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ORIGINAL ARTICLE Table of Contents   
Year : 2020  |  Volume : 45  |  Issue : 2  |  Page : 189-193
Maternal health status in tribal India: A 5-year intervention program and its outcome

Safe Motherhood Initiative Unit, Ramakrishna Sarada Sevashram-Vivekananda Tribal Hospital, Bastar, Chhattisgarh, India

Correspondence Address:
Amit Sengupta
301-52, Seawood Estates, Nerul, Navi Mumbai - 400 706, Maharashtra
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Source of Support: None, Conflict of Interest: None

DOI: 10.4103/ijcm.IJCM_158_19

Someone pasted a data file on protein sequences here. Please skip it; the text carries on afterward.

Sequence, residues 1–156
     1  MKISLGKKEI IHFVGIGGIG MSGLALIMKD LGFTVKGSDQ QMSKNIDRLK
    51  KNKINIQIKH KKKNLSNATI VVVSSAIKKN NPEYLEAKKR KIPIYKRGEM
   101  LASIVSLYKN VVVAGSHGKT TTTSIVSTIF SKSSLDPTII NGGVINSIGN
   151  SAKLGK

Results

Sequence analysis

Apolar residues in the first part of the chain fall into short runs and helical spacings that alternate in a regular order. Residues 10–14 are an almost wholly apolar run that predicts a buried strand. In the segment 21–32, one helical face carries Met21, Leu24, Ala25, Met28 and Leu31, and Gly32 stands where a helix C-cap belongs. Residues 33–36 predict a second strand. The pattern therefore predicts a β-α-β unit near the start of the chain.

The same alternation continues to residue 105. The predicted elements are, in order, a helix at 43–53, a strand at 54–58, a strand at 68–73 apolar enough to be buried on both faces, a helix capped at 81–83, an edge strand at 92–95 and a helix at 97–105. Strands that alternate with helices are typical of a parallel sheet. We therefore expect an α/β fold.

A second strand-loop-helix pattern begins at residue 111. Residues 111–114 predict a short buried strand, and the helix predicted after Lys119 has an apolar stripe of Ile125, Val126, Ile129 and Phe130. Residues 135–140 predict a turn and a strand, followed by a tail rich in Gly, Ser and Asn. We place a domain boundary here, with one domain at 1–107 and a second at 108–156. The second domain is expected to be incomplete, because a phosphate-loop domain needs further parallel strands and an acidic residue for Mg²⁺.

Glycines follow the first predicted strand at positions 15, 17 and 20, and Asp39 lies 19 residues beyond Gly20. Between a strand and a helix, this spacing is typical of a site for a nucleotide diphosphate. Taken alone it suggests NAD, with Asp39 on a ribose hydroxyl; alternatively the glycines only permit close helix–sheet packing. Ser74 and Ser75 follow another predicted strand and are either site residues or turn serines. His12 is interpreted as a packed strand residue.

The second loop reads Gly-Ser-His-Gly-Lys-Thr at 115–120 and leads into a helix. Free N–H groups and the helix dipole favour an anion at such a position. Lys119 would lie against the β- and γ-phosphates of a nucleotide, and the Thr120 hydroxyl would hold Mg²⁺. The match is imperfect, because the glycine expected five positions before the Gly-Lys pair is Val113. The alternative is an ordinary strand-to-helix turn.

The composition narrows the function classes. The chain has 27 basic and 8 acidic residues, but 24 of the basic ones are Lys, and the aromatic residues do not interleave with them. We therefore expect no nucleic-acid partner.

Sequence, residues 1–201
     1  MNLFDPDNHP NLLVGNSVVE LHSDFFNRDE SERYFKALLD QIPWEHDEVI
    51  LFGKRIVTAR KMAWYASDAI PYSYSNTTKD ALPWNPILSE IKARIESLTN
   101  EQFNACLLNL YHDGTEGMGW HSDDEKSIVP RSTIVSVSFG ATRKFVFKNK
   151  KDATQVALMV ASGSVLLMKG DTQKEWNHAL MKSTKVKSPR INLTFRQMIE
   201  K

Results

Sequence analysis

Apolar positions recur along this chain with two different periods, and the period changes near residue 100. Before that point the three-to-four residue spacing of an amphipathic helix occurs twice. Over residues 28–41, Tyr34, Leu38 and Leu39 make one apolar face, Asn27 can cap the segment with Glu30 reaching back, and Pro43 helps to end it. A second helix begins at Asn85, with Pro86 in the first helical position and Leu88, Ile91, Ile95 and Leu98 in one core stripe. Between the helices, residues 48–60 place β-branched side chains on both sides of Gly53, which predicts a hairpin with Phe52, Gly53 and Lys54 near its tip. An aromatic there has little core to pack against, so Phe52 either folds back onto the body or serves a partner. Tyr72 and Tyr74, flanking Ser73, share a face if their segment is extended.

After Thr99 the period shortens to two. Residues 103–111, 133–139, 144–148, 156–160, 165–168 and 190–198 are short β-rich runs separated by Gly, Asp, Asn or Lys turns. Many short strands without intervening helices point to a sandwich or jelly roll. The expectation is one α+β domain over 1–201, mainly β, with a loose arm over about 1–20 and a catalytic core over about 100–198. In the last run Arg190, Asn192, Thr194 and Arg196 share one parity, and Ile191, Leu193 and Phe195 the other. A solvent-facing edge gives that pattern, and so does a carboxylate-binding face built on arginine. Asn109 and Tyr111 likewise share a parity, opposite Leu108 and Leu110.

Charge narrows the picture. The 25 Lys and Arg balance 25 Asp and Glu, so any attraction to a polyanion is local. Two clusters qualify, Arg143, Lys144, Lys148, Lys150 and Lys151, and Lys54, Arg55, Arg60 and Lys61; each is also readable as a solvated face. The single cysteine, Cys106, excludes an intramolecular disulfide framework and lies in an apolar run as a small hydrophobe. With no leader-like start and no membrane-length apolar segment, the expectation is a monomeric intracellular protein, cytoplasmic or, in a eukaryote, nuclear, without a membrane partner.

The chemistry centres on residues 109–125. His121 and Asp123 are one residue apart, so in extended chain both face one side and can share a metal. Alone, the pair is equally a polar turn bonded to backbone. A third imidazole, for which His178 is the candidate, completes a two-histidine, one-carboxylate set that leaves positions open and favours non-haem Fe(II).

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Introduction: There is poor penetration of evidence-based maternal health care provided under national health programs in resource-poor underserved regions. A well-planned locally acceptable community-driven comprehensive health promotion strategy and quality health care delivery mechanism is necessary to improve the situation. Objective: The main objective was to find the gaps in the existing system and promote health literacy and health-seeking behavior. Methodology: 80,000 tribal population living in isolated conflict zone of Bastar district was covered for 5 years between 2012 and 2017. An integrated health-care plan was developed with community leaders, panchayat, and the local government to promote and provide quality evidence-based maternal health care. Available resources were mobilized and health technologies introduced. Results: Regular home visits, point of care diagnostics, identification of high-risk mothers and their timely referral, and behavioral change communication increased the trust of the community. It resulted in higher demand for evidence-based health interventions. The adolescent pregnancy rate (<19 years) reduced to 6.8% (2016) from 13.5% (2012). Hemoglobin level >9 g% (third trimester) improved. Supervised births and high-risk referrals increased from 19.5% (2014) to 58% (2017) and 8.5% (2014) to 13.1% (2017), respectively. Although significant improvement was noted, key indicators continued to remain below rural Bastar (National Family Health Survey-4). Conclusion: Promotion of existing good practices, behavior change, health technologies, and evidence-based emergency care improved the maternal health status of the secluded and underserved tribal community, but persistent effort is needed to enable women access the quality maternal health services provided under National Health Mission.

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